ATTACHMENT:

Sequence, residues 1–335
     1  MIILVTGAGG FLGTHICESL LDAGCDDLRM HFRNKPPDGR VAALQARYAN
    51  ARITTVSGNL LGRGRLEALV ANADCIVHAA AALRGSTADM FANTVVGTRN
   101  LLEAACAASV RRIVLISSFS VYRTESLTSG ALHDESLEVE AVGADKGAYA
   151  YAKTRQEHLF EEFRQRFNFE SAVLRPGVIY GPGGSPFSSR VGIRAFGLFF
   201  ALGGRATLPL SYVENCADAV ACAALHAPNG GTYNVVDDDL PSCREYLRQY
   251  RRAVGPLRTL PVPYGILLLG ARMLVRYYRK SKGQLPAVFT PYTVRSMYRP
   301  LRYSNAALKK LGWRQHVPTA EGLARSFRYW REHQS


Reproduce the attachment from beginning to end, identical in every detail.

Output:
Sequence, residues 1–335
     1  MIILVTGAGG FLGTHICESL LDAGCDDLRM HFRNKPPDGR VAALQARYAN
    51  ARITTVSGNL LGRGRLEALV ANADCIVHAA AALRGSTADM FANTVVGTRN
   101  LLEAACAASV RRIVLISSFS VYRTESLTSG ALHDESLEVE AVGADKGAYA
   151  YAKTRQEHLF EEFRQRFNFE SAVLRPGVIY GPGGSPFSSR VGIRAFGLFF
   201  ALGGRATLPL SYVENCADAV ACAALHAPNG GTYNVVDDDL PSCREYLRQY
   251  RRAVGPLRTL PVPYGILLLG ARMLVRYYRK SKGQLPAVFT PYTVRSMYRP
   301  LRYSNAALKK LGWRQHVPTA EGLARSFRYW REHQS